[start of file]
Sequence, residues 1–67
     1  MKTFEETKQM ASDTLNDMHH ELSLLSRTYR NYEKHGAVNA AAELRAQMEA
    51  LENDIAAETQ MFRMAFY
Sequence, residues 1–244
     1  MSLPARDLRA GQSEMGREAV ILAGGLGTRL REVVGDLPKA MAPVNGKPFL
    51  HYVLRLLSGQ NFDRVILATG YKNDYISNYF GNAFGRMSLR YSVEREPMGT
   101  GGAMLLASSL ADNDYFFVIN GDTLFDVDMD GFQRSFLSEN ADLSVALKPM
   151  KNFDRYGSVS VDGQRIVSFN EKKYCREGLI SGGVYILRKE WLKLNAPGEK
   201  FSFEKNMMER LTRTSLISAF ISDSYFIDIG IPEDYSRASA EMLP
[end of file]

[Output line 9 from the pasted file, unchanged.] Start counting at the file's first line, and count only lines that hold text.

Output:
   201  FSFEKNMMER LTRTSLISAF ISDSYFIDIG IPEDYSRASA EMLP